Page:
“Mistakes are inevitable when the masses are fighting but the communists remain with the masses, see these mistakes, explain them to the masses, try to get them rectified and strive perseveringly for the victory of class consciousness over spontaneity”. (Collected Works Volume 29, p. 396 emphasis in the original)
Remaining with the masses was to stand them in good stead a month later because by August society was splitting further and further into two class camps. In July Kerensky, an SR, became Prime Minister, but after the outlawing of the Bolsheviks the bourgeois right were now becoming more confident and they looked for a strong man to not only wipe out the Bolsheviks but get rid of the Soviets as well. They found this in General Lavr Kornilov who Kerensky appointed to be C-in-C after Brusilov.
August: the Kornilov Affair
“In previous crises, in April, June and July, the spontaneous initiatives of Bolshevik and anarchist soldiers had caused street demonstrations. The leading elements in the Bolshevik Party had been forced, in the end, to assume responsibility for a movement launched by the young men of the military organisation. As the cinema films show, there were considerably fewer workers than soldiers or sailors.
In the Kornilov affair, when the action was defensive, the reverse happened. The proletarian districts were the first to mobilise, recruiting 40,000 men and arming 25,000 from the factories through their committees or from weapons left by the Kronstadt sailors during the July Days ... Under the leadership of the Bolshevik Skorokhodov, this committee co-ordinated its actions with the other committees of the capital, planning for cars to go round to maintain communication, guarding factories, arranging information briefings at set times and the like ... The people were mentally prepared, and the means for defence were made available, such that when the organisations appealed, every citizen, tree, house and stone was set to oppose the advance of Kornilov, whose telegrams failed to arrive and whose locomotives got no water. The ground crumbled under his feet.”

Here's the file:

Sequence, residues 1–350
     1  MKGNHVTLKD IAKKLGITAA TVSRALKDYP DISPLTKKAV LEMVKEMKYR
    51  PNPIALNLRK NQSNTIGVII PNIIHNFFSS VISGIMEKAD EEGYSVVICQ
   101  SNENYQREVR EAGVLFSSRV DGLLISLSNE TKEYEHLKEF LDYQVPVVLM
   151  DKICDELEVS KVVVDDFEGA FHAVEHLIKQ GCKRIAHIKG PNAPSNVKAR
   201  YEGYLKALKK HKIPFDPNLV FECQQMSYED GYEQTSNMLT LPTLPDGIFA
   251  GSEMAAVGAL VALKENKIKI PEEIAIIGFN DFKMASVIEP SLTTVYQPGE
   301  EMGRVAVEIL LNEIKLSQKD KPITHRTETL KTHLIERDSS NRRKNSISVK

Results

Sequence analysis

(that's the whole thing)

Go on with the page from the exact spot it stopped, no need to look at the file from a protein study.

(Marc Ferro, The Bolshevik Revolution — A Social History (1980), p. 56)
What was clear was that the Kornilov Affair had led to an enormous leap forward in class consciousness:
“The soviets, now distinctly radical in outlook, emerged from the crisis with their popularity amongst the masses immensely enhanced. Revolutionary Russia was more widely saturated than ever before with competing grassroots political organisations and revolutionary committees. Workers had become more militant and better organized, and significant numbers of them had obtained weapons. At the same time, democratic committees in the army, by virtue of their leading role in organizing soldiers against the Kornilov movement, were rejuvenated. Within the Petrograd garrison, control of many regimental committees passed from more moderate elements into the hands of the Bolsheviks”. (A. Rabinowitch The Bolsheviks Come to Power p.166)
Far from taking advantage of this to assert the Bolsheviks right to power Lenin raised the possibility that there could still be a peaceful development of the revolution if the Mensheviks and SRs would lead the soviets in the process of taking power. At the beginning of September he called for compromise.
“The Russian revolution is experiencing so abrupt and original a turn that we, as a party, may offer a voluntary compromise – true, not to our direct and main class enemy the bourgeoisie, but to our nearest adversaries, the ruling petty-bourgeois-democratic parties, the Socialist-Revolutionaries and Mensheviks.
We may offer a compromise to these parties only by way of exception, and only by virtue of the particular situation, which obviously last only a very short time. And I think we should do so. The compromise on our part is our return to the pre-July demand of all power to the Soviets and a government of SRs and Mensheviks responsible to the Soviets.
Now, and only now, perhaps during only a few days or a week or two, such a government could be set up and consolidated in a perfectly peaceful way. In all probability it could secure the peaceful advance of the whole Russian revolution, and provide exceptionally good chances for great strides in the world movement towards peace and the victory of socialism”. (On Compromises in Collected Works Vol. 25 p. 206 emphasis in the original)
This is hardly the picture of the power-mad vanguard partyist that bourgeois and anarchist histories paint. Lenin does not demand Bolshevik party power but soviet power even if they are headed by the Mensheviks and SRs. It was no isolated offer. He repeated the idea of a peaceful development of the revolution a fortnight later.
“Power to the Soviets – this is the only way to make further progress gradual, peaceful and smooth keeping perfect pace with the political awareness and resolve of the majority of the people and with their own experience. Power to the Soviets means the complete transfer of the country’s administration and economic control into the hands of the workers and peasants, to whom nobody dare offer resistance, and who, through practice, through their own experience, would soon learn how to distribute the land, products and grain properly”. (One of the Fundamental Questions of the Revolution in Collected Works Vol 25 pp 373 emphases in the original)